Latency is the delay between starting and completing an action. For a switch, it's the time between the first bit of a packet on an input pin and the first bit of that packet on an output pin forwarded through the switch.
Latency matters when it affects higher level functional throughput. When looking at the action of forwarding a packet through a switch, one can conclude that high throughput can be achieved in a switch independent of its switch latency. However, sending a packet through a switch is always part of a response to a higher level sequence of actions and the cumulative delay of that sequence may indeed affect the throughput of the higher level operation of which it is a part.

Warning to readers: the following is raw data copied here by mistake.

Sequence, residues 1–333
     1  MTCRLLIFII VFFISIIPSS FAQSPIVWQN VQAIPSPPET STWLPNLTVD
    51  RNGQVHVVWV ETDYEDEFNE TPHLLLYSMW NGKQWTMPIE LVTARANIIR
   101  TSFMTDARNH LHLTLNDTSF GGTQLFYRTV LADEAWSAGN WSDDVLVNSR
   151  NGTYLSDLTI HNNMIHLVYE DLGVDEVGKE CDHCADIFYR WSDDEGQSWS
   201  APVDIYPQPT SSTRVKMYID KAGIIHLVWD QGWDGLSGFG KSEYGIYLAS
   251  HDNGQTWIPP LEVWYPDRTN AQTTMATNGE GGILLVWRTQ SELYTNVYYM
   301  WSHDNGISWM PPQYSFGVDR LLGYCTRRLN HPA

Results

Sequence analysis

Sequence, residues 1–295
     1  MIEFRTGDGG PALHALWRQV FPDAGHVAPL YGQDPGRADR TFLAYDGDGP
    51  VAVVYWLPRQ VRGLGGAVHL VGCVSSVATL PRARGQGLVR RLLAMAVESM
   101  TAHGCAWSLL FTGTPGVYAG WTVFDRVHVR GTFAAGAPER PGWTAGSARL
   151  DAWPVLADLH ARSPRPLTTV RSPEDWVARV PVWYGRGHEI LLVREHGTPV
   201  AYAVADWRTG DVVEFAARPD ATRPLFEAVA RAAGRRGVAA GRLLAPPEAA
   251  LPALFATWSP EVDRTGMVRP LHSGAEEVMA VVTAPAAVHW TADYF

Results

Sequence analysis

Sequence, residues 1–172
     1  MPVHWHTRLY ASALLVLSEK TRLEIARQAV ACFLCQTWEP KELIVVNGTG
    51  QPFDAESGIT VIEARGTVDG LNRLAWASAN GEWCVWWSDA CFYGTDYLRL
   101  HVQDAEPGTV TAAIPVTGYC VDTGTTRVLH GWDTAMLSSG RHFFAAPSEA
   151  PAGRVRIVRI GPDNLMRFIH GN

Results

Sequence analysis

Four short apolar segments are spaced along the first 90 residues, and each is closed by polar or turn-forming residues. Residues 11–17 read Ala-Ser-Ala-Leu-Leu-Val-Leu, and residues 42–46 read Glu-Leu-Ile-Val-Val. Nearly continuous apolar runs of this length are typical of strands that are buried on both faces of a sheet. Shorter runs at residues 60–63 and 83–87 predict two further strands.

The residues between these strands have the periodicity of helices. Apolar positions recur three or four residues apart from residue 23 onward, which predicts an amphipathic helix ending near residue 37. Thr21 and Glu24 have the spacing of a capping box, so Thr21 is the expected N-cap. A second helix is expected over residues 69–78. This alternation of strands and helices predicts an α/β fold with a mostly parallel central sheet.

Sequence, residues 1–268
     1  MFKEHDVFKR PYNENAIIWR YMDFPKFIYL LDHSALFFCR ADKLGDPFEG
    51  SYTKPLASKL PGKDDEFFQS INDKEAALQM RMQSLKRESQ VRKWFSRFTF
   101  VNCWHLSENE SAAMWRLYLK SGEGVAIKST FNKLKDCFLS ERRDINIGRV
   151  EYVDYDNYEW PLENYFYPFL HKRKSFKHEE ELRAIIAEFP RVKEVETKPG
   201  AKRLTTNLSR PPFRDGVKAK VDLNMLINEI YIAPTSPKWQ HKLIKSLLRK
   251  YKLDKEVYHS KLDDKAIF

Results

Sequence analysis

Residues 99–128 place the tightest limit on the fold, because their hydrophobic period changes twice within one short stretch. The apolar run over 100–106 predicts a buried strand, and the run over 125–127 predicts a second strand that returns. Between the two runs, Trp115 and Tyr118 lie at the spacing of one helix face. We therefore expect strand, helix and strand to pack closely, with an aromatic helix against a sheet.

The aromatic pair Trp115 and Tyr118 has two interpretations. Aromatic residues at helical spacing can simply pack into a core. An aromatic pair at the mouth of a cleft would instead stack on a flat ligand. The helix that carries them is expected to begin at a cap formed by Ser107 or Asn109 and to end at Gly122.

A key example of this is a CPU centric system. In a CPU-centric system, the processor performs a sequence of reads and writes to its memory and I/Os directly or through DMA. One downside of packet latency in this system is that some otherwise productive resource of a system must idle during the latency period, waiting for either data upon which to do work or for instructions as to what work to do.
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